Then they gave us a test that we could do at home. They gave us a week to hand in the code and documentation. I started Friday night and I just handed it in 15 minutes ago, but still 3 days before it was due.

Now I am so nervous about the job I can't sleep at night and I can't stop drinking. Things are slowly getting back to normal.

Friday, January 13, 2006

Masterpieces of Swedish Cinema: Masjävlar

Delarna Horse
Sweden overall makes pretty good quality films for a country with only 9 million people in it. And it ain't easy being a Swedish director either, because one is always being compared to Bergman.

In Masjävlar, a young woman from Stockholm (which is considered a very big city in Sweden) travels back to her country hometown to celebrate her father's 70th birthday. Sounds boring, but it's not. It's very touching and interesting to anyone with an interest in Swedish culture.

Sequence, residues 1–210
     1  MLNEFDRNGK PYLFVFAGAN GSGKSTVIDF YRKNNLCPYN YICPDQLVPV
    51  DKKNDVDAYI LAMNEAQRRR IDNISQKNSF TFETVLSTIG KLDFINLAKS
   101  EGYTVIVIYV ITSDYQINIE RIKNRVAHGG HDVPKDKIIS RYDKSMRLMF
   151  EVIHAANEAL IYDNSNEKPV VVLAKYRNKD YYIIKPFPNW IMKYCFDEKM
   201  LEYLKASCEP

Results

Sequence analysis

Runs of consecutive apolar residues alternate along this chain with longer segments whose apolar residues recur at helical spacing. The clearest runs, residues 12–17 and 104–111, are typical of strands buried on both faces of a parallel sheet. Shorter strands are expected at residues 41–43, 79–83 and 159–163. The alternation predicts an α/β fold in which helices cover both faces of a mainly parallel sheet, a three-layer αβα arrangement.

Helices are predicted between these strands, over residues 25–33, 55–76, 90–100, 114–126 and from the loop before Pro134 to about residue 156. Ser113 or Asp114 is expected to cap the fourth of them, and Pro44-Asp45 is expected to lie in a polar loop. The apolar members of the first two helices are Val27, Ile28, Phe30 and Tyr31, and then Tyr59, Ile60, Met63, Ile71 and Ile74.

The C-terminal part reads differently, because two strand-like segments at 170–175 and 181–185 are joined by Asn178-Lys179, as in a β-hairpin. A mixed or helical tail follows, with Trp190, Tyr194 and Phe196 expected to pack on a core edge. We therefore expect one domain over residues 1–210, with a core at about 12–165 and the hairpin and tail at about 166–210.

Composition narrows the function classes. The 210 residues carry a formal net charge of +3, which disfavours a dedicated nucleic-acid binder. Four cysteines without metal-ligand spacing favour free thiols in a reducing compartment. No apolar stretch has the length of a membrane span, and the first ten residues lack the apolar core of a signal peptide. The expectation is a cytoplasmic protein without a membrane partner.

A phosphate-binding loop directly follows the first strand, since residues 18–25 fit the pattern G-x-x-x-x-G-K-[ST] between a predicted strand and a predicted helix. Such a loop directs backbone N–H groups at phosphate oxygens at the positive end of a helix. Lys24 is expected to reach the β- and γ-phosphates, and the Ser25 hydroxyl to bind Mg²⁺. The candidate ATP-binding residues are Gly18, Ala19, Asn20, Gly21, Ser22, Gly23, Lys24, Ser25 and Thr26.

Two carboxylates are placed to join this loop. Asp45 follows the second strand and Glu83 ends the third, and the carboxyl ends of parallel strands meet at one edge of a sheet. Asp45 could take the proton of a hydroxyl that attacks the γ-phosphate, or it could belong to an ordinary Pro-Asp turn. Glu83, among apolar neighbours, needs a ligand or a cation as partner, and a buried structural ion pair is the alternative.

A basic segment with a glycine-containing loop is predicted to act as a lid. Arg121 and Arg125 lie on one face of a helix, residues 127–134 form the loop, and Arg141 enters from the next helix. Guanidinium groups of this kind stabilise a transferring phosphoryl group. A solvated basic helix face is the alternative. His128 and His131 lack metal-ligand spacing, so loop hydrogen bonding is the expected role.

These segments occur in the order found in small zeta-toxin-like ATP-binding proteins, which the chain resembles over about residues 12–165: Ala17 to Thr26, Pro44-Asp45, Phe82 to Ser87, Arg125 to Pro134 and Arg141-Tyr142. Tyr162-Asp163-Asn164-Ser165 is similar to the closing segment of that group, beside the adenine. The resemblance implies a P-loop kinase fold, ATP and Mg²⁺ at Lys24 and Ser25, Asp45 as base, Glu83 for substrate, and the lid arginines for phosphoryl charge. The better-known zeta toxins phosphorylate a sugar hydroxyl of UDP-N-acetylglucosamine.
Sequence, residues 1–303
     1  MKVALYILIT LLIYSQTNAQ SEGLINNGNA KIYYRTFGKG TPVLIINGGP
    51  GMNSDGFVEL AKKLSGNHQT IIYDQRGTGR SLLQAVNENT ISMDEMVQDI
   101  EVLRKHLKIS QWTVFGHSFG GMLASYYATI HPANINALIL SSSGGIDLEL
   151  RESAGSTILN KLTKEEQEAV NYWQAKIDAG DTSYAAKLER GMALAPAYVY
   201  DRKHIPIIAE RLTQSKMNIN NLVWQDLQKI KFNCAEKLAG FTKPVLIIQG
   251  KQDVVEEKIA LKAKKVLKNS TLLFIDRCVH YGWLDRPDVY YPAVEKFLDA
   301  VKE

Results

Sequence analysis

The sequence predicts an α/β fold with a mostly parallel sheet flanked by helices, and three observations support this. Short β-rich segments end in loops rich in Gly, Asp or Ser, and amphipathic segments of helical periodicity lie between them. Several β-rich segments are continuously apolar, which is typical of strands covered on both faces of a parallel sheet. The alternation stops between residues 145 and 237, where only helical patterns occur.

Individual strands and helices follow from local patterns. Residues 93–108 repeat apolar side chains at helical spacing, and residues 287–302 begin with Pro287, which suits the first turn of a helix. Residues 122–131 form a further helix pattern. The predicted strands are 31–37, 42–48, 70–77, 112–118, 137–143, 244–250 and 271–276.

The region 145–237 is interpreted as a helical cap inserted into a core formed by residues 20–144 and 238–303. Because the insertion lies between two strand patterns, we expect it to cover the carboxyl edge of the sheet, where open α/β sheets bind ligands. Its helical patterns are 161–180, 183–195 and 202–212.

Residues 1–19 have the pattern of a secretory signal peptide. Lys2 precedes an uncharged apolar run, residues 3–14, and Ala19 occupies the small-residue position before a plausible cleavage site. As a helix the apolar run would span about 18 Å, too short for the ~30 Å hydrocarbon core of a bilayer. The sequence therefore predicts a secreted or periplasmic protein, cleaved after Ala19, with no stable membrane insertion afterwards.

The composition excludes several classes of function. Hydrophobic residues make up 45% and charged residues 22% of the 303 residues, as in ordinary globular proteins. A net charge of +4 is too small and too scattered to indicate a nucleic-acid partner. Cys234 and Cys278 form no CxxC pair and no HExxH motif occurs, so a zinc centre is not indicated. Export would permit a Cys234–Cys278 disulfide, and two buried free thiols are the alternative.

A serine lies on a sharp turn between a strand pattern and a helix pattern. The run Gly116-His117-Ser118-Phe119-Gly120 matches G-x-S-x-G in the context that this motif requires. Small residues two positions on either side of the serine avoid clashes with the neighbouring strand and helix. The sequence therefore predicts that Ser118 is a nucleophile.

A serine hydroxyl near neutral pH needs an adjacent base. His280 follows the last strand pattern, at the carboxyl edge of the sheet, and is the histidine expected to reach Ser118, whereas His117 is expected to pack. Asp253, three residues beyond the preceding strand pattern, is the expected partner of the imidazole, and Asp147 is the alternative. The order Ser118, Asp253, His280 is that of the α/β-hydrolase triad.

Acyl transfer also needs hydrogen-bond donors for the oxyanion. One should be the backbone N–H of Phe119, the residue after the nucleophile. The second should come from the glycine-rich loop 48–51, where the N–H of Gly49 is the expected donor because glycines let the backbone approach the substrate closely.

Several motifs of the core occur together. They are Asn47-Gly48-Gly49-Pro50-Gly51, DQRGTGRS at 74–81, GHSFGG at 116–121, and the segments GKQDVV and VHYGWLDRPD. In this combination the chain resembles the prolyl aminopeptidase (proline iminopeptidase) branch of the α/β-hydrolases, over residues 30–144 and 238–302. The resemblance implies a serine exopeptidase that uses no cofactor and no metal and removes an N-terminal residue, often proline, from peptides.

The film is shot entirely in Delarna, the region in Sweden famous for the little red horses (wooden ones not real ones). This film dwells on very familiar territory for Sweden: cold weather, birthdays (big holidays in Sweden), suicides (everyone here knows at least one victim), and drinking too much (so I fit right in).

If anyone knows what the title means I would appreciate some help. Linda is in Malmo at the moment so I am without my translator. I think it means 'Dammit' or something.

Tuesday, January 10, 2006

Sweden: The Beautiful Outdoor Freezer

With talk of global warming on the tip of everyone's tongue, it's refreshing to know that in the middle of January it's still cold as hell in Stockholm. It has been below freezing now for over two months.